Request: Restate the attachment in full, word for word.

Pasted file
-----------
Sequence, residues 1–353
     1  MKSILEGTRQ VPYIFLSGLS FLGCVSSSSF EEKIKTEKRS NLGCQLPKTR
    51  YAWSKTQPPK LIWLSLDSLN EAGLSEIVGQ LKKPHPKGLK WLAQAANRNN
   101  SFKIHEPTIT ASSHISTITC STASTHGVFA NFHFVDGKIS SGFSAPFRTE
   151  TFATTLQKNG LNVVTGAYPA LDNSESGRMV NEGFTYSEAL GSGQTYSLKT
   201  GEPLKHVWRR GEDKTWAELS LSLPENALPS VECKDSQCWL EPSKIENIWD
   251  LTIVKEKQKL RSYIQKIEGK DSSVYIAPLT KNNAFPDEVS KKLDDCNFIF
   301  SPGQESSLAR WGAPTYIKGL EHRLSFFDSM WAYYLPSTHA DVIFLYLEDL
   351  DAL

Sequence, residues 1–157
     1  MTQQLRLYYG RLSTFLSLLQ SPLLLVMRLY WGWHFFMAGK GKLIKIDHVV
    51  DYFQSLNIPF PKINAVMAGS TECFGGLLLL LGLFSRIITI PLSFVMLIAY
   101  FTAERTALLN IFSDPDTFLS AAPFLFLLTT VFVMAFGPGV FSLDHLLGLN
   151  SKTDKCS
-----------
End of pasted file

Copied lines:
Sequence, residues 1–353
     1  MKSILEGTRQ VPYIFLSGLS FLGCVSSSSF EEKIKTEKRS NLGCQLPKTR
    51  YAWSKTQPPK LIWLSLDSLN EAGLSEIVGQ LKKPHPKGLK WLAQAANRNN
   101  SFKIHEPTIT ASSHISTITC STASTHGVFA NFHFVDGKIS SGFSAPFRTE
   151  TFATTLQKNG LNVVTGAYPA LDNSESGRMV NEGFTYSEAL GSGQTYSLKT
   201  GEPLKHVWRR GEDKTWAELS LSLPENALPS VECKDSQCWL EPSKIENIWD
   251  LTIVKEKQKL RSYIQKIEGK DSSVYIAPLT KNNAFPDEVS KKLDDCNFIF
   301  SPGQESSLAR WGAPTYIKGL EHRLSFFDSM WAYYLPSTHA DVIFLYLEDL
   351  DAL

Sequence, residues 1–157
     1  MTQQLRLYYG RLSTFLSLLQ SPLLLVMRLY WGWHFFMAGK GKLIKIDHVV
    51  DYFQSLNIPF PKINAVMAGS TECFGGLLLL LGLFSRIITI PLSFVMLIAY
   101  FTAERTALLN IFSDPDTFLS AAPFLFLLTT VFVMAFGPGV FSLDHLLGLN
   151  SKTDKCS